Functionality for daily use
The most frequently used functionality is the remote maintenance. This is done by simply bringing the display of a remote machine onto the desktop of the local machine. The administrator might then work on the remote machine as if it were the local one. As long as client and host use identical display resolutions it is possible to switch into fullscreen mode which makes it impossible to tell the difference between a local or and a remote machine. NetOp is a well optimized piece of software that allows working effectively, even a Pentium with a 166 MHz CPU can still be used as host. But this is certainly the limit - a slower system will be a real pain to work on.
The Filemanager is some kind of a "Norton Commander" clone that displays the files in to windows - one window for the host, the other one for the client. This allows to transfer files back and forth easily and quite fast. It is possible to use scripts to perform frequent tasks.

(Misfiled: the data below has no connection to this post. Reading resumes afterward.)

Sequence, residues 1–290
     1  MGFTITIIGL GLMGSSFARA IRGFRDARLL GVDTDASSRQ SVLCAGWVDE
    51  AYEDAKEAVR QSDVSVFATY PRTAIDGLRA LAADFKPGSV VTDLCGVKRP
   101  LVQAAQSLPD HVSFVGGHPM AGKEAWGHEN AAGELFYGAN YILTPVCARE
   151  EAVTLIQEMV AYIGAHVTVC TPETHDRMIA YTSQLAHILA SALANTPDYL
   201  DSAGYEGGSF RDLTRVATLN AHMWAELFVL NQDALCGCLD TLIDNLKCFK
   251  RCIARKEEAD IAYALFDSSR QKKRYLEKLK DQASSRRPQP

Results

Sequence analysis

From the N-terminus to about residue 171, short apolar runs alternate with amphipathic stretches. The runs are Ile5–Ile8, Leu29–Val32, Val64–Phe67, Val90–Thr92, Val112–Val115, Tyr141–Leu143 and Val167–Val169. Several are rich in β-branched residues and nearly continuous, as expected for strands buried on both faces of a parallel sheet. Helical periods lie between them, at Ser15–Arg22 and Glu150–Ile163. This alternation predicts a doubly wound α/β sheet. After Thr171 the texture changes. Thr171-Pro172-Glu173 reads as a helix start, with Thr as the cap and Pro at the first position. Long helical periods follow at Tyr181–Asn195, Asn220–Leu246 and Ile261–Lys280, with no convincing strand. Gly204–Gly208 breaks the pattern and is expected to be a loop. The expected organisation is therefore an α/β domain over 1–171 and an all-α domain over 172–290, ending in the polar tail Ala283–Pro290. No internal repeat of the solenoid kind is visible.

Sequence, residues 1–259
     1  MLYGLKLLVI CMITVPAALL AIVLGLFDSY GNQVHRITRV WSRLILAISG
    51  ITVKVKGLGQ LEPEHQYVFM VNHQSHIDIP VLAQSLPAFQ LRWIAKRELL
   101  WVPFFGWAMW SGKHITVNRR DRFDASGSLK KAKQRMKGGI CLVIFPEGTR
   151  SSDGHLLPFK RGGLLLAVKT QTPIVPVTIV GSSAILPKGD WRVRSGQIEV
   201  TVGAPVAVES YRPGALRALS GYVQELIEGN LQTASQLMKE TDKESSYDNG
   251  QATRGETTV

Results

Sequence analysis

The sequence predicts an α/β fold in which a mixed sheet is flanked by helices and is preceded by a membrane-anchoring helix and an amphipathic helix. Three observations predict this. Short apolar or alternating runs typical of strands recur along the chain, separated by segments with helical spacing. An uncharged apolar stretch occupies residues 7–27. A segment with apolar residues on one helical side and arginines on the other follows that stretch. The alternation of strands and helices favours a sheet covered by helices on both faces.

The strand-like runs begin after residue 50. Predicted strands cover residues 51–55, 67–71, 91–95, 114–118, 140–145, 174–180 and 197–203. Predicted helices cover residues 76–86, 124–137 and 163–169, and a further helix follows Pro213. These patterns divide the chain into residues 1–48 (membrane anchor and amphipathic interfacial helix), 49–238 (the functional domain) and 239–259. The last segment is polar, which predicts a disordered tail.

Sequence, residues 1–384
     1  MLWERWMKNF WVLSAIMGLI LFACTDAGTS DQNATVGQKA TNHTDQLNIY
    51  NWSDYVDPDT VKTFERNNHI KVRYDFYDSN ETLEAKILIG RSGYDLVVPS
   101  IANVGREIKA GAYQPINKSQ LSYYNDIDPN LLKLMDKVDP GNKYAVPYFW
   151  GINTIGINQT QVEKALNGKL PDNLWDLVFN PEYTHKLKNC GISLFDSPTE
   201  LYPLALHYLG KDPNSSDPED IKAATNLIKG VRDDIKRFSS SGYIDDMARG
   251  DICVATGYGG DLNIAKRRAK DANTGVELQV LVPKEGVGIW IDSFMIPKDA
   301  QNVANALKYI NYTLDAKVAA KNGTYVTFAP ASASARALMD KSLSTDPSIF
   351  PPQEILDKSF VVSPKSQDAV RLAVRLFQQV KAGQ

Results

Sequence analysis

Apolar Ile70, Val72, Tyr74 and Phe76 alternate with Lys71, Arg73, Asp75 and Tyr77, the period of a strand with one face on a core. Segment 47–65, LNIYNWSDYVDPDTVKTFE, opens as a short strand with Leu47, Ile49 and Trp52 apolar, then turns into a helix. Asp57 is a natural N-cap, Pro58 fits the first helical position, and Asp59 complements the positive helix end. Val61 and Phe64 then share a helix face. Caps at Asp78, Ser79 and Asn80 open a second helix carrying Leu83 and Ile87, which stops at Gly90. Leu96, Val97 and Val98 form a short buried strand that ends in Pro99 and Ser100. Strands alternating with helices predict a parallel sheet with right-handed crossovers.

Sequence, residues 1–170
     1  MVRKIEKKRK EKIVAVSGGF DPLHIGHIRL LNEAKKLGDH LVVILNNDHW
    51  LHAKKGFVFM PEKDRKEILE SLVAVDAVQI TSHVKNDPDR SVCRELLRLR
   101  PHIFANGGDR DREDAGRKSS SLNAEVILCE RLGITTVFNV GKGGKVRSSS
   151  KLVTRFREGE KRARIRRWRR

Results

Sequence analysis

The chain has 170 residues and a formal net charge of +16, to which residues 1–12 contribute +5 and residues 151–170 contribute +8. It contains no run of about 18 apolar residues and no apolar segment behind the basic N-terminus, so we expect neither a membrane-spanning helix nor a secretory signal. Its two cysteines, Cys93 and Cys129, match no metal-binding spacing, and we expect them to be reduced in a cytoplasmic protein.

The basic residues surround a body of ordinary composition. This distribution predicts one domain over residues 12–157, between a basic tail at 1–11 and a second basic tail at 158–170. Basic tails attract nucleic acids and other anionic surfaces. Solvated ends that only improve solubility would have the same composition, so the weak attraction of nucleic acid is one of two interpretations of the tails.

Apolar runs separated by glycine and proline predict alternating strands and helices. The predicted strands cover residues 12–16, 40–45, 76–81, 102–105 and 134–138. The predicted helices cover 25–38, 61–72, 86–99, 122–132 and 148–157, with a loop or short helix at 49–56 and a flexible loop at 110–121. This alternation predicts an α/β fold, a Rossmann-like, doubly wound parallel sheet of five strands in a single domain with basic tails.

If a user requests assistance it is possible to use the voice- or text-chat to communicate and to explain what's happening on the users screen - when the mouse pointer appears to be moving across the screen by magic.
No network activity without security. The reasons to use various security mechanisms in a network are many. The most obvious is - of course - to prevent others from gaining access to sensitive information. Or the personal data of a company's employees should not be accessible to everyone. The minimal protection one can imagine is a combination of loginname and password. But this usually is far from sufficient. NetOp Remote Control comes with a hole bunch of security mechanisms.
Global security settings
Settings for the guest on host-side
With these tools and options a decent level of security can be granted.
The Access-Server as well is just a small window on the desktop from where everything can be controlled. The configuration is - as it is in all modules - almost self-explanatory and doesn't ask for things an average administrator isn't able to handle. The configuration is spit up in five parts: